EU’s GDPR breakdown: What all brands need to know
The General Data Protection Regulation (GDPR) will completely change the way that organizations collect, store, and utilize data for their customers and prospects. With new regulations set to roll out in just a few short weeks, it is essential that all companies that store consumer data have an understanding of what it means for their business. The GDPR will not only affect online advertisers, but all brands who collect customer data within the limits of the European Union.
What is General Data Protection Regulation (GDPR)?
The GDPR is legislation that was passed by the European Union (EU) Parliament that regulates the way that companies can store and utilize customer data. The legislation includes the controversial “right to be forgotten” provision that allows users to request the removal of their personal data from company and public records.
While the GDPR is EU regulation, it will also apply to all companies that process and hold data from customers located in the EU as well. In the U.S., the GDPR and its implications have flown under the radar. Although many expect the U.S. to follow suit sometime in the next few years with their own customer data and privacy legislation it is important that they take notice and take the proper steps to ensure that they comply with the GDPR. The fines for non-compliance are steep — organizations found to be in breach of GDPR regulations will be fined up to 4 percent of annual global turnover, or €20 Million, whichever is greater.
The goal of the GDPR is to return full control of personal data to customers and citizens and place common sense limits on the way that data can be used. The legislation covers all types of personal information including name, address, bank details, email address, social networking information, medical info, and even photos and other personal rich media.
When does the GDPR go into effect?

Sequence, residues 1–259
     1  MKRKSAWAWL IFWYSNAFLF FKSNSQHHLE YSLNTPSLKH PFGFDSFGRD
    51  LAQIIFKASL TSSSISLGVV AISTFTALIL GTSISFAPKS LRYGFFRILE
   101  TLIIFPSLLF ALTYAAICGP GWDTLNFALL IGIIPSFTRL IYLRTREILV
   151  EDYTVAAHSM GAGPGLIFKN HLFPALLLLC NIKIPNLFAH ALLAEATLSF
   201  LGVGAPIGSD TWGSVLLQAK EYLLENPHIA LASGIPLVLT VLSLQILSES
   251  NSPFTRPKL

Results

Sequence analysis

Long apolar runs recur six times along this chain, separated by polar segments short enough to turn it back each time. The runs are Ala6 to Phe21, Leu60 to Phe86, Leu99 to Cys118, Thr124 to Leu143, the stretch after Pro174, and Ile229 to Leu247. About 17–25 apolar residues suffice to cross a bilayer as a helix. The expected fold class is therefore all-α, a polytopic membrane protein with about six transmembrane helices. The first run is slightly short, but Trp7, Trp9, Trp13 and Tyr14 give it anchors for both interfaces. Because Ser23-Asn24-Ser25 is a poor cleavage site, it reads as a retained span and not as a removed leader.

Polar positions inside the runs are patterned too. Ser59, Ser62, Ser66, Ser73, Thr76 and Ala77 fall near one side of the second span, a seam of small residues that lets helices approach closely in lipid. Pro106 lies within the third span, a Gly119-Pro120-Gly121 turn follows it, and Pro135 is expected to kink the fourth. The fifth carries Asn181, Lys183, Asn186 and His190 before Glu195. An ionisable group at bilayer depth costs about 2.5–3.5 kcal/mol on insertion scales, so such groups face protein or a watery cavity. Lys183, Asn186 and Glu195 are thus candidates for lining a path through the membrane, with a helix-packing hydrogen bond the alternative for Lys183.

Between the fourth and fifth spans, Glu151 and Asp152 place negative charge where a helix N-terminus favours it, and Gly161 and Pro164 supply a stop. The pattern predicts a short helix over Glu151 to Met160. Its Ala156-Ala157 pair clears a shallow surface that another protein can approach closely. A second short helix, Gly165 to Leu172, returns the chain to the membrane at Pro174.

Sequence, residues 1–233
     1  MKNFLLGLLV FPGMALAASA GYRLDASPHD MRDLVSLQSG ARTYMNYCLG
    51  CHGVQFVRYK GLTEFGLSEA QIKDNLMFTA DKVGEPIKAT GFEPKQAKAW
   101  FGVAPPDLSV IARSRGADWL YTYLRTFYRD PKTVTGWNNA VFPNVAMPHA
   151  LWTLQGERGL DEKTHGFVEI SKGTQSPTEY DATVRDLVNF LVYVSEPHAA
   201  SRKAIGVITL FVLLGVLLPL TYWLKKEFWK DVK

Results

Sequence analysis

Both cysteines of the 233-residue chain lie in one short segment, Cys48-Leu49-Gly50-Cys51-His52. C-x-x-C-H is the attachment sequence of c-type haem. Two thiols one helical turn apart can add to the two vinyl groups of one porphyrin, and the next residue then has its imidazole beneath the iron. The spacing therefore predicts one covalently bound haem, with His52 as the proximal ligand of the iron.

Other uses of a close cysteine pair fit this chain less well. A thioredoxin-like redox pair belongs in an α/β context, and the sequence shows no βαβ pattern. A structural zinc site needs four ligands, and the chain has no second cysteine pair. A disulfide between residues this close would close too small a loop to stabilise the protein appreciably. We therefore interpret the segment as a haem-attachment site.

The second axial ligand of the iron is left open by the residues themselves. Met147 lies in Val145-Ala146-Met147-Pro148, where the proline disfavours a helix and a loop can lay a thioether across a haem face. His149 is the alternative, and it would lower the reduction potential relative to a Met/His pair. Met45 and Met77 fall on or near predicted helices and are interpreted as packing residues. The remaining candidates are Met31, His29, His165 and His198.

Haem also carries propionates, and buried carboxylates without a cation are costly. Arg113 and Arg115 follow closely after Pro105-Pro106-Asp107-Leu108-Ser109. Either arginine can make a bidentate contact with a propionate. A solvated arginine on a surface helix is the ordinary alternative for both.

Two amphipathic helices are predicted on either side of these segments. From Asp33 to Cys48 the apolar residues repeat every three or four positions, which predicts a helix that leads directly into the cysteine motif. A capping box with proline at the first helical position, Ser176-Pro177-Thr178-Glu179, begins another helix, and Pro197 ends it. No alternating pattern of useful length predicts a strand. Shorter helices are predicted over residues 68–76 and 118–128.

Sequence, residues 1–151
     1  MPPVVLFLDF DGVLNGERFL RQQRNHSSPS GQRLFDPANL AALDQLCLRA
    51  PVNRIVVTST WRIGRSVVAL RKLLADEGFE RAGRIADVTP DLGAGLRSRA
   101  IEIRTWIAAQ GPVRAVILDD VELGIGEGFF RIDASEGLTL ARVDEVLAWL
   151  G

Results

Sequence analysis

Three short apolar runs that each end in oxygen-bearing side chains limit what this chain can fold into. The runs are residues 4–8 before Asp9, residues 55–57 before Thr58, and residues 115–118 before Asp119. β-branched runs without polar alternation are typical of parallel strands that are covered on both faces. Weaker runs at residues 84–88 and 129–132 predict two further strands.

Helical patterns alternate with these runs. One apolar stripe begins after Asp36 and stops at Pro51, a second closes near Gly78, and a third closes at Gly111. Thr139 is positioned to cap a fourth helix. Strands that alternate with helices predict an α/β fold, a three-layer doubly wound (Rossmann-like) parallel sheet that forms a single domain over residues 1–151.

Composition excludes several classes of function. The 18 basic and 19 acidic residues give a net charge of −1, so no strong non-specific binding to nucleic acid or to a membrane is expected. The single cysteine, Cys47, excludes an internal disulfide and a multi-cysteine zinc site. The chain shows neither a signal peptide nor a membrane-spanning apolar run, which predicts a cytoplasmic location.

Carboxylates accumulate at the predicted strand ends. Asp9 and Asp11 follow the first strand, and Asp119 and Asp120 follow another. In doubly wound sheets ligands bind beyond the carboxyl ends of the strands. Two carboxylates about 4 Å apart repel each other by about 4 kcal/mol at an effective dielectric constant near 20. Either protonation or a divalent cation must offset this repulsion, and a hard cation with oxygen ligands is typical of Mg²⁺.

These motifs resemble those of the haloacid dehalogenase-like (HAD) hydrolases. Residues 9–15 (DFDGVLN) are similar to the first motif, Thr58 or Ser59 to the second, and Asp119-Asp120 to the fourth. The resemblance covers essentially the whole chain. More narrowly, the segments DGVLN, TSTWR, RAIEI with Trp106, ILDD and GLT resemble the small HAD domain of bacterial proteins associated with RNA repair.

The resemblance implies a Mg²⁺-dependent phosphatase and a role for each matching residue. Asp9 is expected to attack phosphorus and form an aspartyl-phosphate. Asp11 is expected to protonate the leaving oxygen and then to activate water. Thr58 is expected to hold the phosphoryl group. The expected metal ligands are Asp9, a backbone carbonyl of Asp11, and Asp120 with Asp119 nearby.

The GDPR was passed by the European Parliament in April 2016, and companies were given over two years to prepare for the new regulations. The regulations will start being enforced on May 25th, 2018, applying to all EU citizens in the 28 states that belong to the European Union. Although the UK is scheduled to leave the European Union in 2019 due to Brexit, they have already announced that they will continue to adopt and implement the GDPR regulations on their own.
Why was the GDPR passed?
The GDPR was passed due to concerns over how companies have stored and utilized personal data. Although there was existing legislation in place before the passing of the GDPR, many of those laws were decades old and did not take into account how the internet would change personal data collection. This, plus the rise in cloud technology have made the processing, collection, and sharing of data much more commonplace for all companies, prompted the EU to take steps to strengthen current laws to account for these changes. Before passing the legislation, the EU released an overview of their reasoning behind the legislation.
Changes in data storage and uses
The GDPR represents huge changes for any company that stores customer data from citizens in EU states. Generally, data will be harder for companies to access and store, as there are many stipulations surrounding how that data can be used.
While the GDPR will affect all companies that store EU citizen data, it will particularly disrupt current processes for online advertisers who will be subjected to much stricter rules regarding how they track customers on the web. In addition to changes brought by the GDPR, the EU Parliament has already announced their intention to update EU ePrivacy regulations, which will focus on unsolicited marketing messaging, cookies, and confidentiality as it applies specifically to internet advertising.